Throughout the film we see flashbacks, dreams and daydreams with scenes from the homeland. Andrey dreams of his wife, son and mother and his house.
Towards the very end of the film Andrei fulfills a madman's request: he carries a lighted candle across a drained spaa pool. Can this scene be interpreted as if Andrei finds a good balance between Italy and his longing for Russia? This scene is very interesting in a sence that this is an uninterrupted nine minute shot .
We see beautiful shots of Italy but nothing compares with the beauty of Russia for Andrey.
On another level the film is about our responsibility to fulfill our cultural mandate here on earth. (Think of the madman and how desparate he is seeing people wasting their life. The holly fool he is.
Although this is not my favourite Tarkovsky film I can relate to the theme very easily and on a deep level: we emmigrated to Canada three and a half years ago and we are still trying to find a good balance between looking back and finding our place in our new country where we decided to live.
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7. Board Game: Sacrifice in the East [Average Rating:6.00 Unranked]
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The Sacrifice 1986

This was Tarkovsky's last film. He died shortly after completing it.
The film was shot in Sweden on the island of Gotland, where many of Bergman's films had been shot, and was photographed by Bergman's favourite cinematographer Sven Nykvist. The cast included one of Bergman's most well known actors, Erland Josephson. All these reflect Tarkovsky's respect for Bergman. Indeed, this films bears some resemblance to Bergman's films in general. To a certain extent the movie evokes a kind of Bergman feeling. For those who have watched other Tarkovsky's films (and are familiar with Bergman's films) this feeling add extra dimension to the viewing experience. At least that was what I felt watching The Sacrifice.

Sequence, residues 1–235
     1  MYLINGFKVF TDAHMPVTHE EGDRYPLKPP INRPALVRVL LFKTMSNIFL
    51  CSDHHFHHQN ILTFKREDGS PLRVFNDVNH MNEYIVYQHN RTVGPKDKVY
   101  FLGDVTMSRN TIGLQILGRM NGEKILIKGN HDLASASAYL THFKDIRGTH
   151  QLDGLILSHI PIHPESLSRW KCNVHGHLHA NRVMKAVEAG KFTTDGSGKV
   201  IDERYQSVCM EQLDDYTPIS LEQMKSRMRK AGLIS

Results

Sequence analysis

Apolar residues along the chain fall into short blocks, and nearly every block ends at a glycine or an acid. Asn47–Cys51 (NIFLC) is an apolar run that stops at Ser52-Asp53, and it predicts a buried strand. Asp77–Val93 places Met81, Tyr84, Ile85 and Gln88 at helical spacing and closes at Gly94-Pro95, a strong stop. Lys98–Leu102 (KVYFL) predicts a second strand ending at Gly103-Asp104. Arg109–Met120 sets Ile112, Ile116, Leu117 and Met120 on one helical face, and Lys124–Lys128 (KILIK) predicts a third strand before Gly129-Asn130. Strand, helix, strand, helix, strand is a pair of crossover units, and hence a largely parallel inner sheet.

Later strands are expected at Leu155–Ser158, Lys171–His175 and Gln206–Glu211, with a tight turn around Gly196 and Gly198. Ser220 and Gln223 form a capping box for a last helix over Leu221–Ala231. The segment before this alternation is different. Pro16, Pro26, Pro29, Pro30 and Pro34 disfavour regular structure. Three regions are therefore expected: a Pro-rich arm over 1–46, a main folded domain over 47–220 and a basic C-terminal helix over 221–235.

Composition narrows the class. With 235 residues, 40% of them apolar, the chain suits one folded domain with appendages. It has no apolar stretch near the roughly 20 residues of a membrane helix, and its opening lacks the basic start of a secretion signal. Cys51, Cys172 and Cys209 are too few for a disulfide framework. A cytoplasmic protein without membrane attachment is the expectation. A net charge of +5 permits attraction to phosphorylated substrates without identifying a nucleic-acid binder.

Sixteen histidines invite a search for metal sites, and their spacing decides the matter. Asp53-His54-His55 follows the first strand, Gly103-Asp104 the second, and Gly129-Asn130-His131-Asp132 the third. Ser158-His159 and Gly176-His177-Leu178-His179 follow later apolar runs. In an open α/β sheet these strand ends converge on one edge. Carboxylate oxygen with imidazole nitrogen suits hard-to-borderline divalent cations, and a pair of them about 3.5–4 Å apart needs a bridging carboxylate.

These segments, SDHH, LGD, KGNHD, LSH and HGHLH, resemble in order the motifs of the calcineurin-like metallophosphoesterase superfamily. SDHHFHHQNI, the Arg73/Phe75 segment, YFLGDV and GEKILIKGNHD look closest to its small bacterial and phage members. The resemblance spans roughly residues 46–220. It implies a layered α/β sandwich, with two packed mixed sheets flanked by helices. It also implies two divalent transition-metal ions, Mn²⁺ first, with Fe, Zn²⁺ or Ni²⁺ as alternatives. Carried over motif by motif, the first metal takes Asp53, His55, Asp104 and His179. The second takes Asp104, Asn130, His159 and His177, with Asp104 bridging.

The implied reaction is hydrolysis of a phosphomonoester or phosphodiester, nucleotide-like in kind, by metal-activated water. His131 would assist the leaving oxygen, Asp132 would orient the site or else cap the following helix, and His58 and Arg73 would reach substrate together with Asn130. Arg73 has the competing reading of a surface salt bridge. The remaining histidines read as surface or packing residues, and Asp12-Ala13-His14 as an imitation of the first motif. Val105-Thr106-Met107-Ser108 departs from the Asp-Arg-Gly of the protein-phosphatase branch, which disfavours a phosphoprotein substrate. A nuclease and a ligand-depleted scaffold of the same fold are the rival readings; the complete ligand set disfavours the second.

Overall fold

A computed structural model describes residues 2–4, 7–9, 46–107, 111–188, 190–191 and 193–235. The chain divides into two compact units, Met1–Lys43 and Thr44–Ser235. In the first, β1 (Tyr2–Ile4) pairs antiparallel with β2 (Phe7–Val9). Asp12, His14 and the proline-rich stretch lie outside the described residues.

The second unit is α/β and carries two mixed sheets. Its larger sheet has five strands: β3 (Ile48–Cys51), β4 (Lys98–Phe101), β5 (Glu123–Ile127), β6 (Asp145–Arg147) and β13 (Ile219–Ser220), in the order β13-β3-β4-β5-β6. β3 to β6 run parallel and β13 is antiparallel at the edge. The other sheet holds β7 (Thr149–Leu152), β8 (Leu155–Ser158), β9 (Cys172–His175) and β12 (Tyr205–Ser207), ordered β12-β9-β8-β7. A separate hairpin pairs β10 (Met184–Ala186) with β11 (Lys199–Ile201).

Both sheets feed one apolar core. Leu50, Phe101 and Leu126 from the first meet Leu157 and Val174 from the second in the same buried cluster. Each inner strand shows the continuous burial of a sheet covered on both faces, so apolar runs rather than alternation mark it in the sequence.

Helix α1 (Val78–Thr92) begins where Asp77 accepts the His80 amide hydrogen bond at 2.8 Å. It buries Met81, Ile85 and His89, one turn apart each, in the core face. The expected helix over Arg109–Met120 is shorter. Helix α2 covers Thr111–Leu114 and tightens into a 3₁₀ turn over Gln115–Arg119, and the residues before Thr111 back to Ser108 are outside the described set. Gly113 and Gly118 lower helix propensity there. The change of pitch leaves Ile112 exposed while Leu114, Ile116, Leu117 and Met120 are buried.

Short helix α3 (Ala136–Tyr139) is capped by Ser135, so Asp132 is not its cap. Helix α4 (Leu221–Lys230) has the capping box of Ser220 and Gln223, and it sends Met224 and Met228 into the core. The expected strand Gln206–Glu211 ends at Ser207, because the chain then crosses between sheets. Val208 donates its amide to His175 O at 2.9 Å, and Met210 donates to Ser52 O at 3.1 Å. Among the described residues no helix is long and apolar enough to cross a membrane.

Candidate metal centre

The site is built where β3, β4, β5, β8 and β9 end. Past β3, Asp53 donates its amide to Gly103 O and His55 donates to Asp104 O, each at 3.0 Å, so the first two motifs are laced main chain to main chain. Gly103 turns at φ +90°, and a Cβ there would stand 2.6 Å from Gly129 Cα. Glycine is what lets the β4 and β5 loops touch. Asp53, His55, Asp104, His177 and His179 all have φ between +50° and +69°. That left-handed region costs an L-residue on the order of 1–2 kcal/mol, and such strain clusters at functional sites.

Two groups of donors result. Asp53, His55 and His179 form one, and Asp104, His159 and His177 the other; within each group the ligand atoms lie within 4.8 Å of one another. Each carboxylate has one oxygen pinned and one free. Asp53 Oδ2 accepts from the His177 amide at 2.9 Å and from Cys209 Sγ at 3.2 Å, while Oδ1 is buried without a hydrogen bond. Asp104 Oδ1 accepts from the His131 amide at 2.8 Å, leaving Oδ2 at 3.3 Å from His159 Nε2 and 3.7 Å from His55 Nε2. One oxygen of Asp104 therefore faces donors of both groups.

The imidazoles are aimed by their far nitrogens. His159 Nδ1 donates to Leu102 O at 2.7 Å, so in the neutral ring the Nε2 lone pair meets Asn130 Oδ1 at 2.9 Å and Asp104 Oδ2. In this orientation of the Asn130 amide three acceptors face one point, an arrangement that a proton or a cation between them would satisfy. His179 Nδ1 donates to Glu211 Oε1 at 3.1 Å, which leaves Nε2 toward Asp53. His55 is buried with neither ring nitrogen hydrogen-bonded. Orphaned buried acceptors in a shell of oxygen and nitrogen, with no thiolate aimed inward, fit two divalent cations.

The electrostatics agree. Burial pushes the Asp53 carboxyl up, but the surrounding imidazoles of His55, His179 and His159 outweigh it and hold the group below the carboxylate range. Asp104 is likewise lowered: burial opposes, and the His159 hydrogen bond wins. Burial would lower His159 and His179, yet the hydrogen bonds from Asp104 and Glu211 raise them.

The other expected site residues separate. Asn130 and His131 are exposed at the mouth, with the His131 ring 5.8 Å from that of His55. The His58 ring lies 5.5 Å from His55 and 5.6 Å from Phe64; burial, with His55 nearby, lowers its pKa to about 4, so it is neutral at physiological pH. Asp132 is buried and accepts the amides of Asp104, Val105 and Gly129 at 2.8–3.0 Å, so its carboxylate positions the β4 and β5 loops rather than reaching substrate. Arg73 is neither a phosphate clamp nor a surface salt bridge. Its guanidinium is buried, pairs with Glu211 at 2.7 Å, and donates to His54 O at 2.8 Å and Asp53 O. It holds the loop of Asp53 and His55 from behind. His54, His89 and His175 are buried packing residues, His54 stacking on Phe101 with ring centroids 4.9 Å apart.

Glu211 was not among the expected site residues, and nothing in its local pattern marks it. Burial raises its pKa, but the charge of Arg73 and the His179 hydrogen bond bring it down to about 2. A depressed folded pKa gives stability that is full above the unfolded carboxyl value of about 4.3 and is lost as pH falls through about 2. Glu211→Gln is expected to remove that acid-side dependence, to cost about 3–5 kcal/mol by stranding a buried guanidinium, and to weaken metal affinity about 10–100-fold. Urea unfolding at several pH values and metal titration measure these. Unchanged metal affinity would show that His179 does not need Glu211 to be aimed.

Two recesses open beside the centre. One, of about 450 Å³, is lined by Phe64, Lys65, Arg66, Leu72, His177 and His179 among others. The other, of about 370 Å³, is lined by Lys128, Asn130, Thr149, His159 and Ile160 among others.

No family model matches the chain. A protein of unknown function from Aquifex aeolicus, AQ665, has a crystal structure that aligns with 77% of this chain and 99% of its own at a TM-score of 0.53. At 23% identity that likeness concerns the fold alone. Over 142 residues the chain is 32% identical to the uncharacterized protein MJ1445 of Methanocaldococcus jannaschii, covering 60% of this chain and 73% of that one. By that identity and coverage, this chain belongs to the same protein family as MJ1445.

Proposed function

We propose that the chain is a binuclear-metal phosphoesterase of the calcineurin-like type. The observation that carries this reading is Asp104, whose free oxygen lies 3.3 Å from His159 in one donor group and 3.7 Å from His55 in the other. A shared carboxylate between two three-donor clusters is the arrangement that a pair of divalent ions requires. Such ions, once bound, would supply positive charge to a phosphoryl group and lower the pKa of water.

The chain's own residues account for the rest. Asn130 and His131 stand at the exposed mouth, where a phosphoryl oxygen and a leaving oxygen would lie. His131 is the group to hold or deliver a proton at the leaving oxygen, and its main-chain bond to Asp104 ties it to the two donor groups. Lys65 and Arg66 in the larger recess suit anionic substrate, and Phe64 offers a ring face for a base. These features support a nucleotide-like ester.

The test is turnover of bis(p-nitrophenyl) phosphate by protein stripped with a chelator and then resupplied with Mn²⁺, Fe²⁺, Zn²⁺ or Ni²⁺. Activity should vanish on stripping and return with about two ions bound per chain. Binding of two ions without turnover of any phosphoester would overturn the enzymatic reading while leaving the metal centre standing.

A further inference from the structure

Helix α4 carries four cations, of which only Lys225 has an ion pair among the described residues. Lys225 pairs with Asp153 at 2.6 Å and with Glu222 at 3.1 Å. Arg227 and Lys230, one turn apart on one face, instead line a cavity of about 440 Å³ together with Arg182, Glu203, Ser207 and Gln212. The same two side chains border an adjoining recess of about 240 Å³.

Alexander, (an aging atheist actor/psychologist/writer ) with a younger actress wife, a teenage daughter, and a young son experiences the opening throes of the end of the world by a nuclear holocaust. In despair the protagonist vows to God to sacrifice all he loves (what this would mean in reality is not made plain in his prayer, and provides the final surprise of the film) if only this good act of fate may be undone.
At the end of the film Alexander carries out the promised sacrifice and then is being driven off to a mental hospital. It is not clear if he looses sanity or chooses to appear insane.
The movie reflects on our troublesome world and the loss or devaluation of moral principles.

Most of the film takes place inside or outside the house. The house was built specifically for the production.
A quotation I like from the movie: "Every gift involves a sacrifice".
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8. Board Game: Final Straw [Average Rating:5.50 Unranked]
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In this last entry I just want to jot down some final thoughts that were left out from the previous entries.

To sum up his contribution to modern cinema we can say that although Tarkovsky made only seven long feature films with these films he imprinted his name in the history of cinematography.

In his long takes Tarkovsky integrated humans into their environment. Motives of nature and human culture are meant to represent a metaphysical universe existing within the object world the characters move in. He uses contemplation in time to make the viewer feel the presence of this other world.

Also a lot could be said about how his work was deeply rooted in Russian culture, thinking and literature. No wonder his favourite author was Dostoyevsky.

Tarkovsky had to fight a lot with the communist comissionaries who did not have a clue of his art. What I always appreciated about him, among other things, that he never compromised his artistic values and ideas for commercial success, or getting the favour of the communists. Together with his films this shows that as fas as his work is concerned he was a man of artistic and moral integrity.

He died of cancer in Paris in 1986. He was 54 years old.